Thanks to Clark Quinn  for allowing me to use this chart. It summarizes what Roger Schank presented at the LearnTechAsia, where according to him, "Roger gave his passioned, opinionated, irreverent, and spot-on talk to kick off LearnTechAsia. He covered the promise (or not) of AI, learning, stories, and the implications for education."The idea map summarizes much of what Roger Schank has been a proponent of. Known the world over as the leading visionary in virtual learning environments, artificial intelligence, learning theory and cognitive science, he is the CEO of Socratic Arts, a company that specializes in the design, and implementation of story-centered and learning-by-doing curricula both in the academic and corporate worlds.I am an ardent follower of Schank and other thought leaders who use narratives and stories in learning. Hence, this tip is about my reflections on the Map and an interpretation on how this affects what we do in learning design and implementation of platforms.Theory, Practice and ApplicationAI and Story Memories. A dominant theory of Schank is based on using stories in learning design. He describes this using other terms: scenarios, diagnostics, discovery, experience sharing, and others. In his research on Artificial Intelligence, he postulated that memories are indexed by stories (Tell me a Story, 1995). Stories fuel conversations, discoveries and formulation of self-learning. Schank believes that it is in the exchange of stories through conversations that people learn and unlearn. Without conversations there is no way the learner can reorganize the patterns in his/her mind on ideas. Decision making is facilitated by stories and real-life experiences. In many situations, decisions are hampered with a reference point provided by experienced sources like experts (The Future of Decision Making, 2010).  Diagnostic is key to learning. He proposes that if learners have to learn, they need to diagnose problems and get into the gut of it. The diagnostic approach helps learners come to grips with the real-life essence of the content.  (Teaching Minds, 2011)Testing and Memorization is Counter-Learning. Schank opposes the trend in education and training where learning design relies heavily on rote learning and memorization. He prefers discovery by allowing learners to "act" the content in their own real-life situations. If you want to train for math, let them do math and discover the better ways to apply it in actual professions like being an engineer or to tasks needing mathematical calculations. He observes that most training design are geared towards academic goals rather than personal goals. ConclusionRoger Schank departs from the traditional method of teaching which is characterized by rote learning and testing without context. His preference for discovery learning turns the steering wheel of learning over to the learners rather than the designers. Now, learners are free to learn what they want and how they want to achieve that goal.ReferencesAbout Roger C. SchankTell Me a Story: Narrative and Intelligence (Rethinking Theory)The Future of Decision MakingTeaching Minds: How Cognitive Science Can Save Our SchoolsRay Jimenez, PhDVignettes Learning"Helping Learners Learn Their Way"Ray Jimenez, PhD Vignettes Learning Learn more about story and experience-based eLearning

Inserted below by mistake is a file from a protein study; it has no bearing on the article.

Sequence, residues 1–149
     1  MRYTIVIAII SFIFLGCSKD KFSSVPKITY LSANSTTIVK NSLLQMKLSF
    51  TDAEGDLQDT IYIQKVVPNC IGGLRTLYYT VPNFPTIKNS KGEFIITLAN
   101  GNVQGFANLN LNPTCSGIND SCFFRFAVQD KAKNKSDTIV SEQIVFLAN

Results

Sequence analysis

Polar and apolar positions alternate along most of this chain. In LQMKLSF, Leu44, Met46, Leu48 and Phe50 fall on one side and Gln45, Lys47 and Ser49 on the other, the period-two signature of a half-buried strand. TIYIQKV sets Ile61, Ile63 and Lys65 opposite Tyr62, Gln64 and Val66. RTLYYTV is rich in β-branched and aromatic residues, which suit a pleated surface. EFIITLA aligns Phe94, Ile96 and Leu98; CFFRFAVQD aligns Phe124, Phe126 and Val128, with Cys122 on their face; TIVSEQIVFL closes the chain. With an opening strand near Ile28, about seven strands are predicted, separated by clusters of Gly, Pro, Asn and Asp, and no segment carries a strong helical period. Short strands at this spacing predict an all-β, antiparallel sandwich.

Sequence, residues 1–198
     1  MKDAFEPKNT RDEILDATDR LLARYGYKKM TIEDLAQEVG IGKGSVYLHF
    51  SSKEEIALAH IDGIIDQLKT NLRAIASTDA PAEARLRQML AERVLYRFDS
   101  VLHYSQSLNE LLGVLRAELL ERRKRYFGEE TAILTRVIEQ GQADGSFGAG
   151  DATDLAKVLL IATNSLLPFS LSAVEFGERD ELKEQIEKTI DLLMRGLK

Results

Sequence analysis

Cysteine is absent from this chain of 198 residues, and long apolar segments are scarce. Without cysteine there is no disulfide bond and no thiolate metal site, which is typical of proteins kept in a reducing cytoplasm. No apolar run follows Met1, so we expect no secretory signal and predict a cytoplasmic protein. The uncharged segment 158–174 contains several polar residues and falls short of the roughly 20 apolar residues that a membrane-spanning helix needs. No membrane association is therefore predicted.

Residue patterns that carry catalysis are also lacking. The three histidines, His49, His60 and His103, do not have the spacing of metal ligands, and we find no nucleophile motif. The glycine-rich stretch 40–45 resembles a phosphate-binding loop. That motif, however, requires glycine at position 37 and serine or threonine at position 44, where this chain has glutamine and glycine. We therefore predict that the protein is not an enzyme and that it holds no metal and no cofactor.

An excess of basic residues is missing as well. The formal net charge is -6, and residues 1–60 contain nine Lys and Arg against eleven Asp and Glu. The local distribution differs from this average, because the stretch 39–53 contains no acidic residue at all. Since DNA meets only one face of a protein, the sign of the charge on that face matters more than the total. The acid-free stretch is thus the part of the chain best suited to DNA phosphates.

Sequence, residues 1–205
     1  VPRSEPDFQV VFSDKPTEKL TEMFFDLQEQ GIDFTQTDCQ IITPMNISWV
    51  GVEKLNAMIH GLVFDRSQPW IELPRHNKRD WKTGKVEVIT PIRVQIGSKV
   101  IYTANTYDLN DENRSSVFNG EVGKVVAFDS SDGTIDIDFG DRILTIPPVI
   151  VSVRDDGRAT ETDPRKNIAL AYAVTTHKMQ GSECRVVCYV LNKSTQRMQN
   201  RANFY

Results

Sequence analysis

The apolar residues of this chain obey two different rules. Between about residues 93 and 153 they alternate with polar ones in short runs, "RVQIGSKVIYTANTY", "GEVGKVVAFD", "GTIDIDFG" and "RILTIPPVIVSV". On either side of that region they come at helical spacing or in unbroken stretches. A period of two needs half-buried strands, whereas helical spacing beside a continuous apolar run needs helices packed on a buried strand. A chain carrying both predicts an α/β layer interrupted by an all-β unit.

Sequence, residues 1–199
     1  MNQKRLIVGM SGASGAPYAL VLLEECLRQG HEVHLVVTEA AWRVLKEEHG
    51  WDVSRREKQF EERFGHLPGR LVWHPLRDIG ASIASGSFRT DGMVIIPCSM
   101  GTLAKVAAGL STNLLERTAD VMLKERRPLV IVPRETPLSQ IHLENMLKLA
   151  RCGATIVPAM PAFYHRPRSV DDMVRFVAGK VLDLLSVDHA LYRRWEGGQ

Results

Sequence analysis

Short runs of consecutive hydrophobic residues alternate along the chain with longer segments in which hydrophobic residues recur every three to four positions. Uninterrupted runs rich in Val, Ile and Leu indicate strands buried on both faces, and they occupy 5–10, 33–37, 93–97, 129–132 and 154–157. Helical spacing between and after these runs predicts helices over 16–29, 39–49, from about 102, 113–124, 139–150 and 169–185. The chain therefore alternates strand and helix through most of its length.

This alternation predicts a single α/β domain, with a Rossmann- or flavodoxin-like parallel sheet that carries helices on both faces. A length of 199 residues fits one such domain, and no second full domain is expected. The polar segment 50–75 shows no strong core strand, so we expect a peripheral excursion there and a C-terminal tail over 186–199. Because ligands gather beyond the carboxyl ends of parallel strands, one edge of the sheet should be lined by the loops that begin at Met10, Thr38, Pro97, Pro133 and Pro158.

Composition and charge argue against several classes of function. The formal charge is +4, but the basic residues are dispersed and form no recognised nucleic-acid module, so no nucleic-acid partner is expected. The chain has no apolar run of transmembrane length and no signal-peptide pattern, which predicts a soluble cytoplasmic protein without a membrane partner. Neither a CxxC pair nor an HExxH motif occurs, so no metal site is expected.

Ray Jimenez   .   Blog   .   <span class='date ' tip=''><i class='icon-time'></i>&nbsp;Sep 27, 2016 09:49am</span>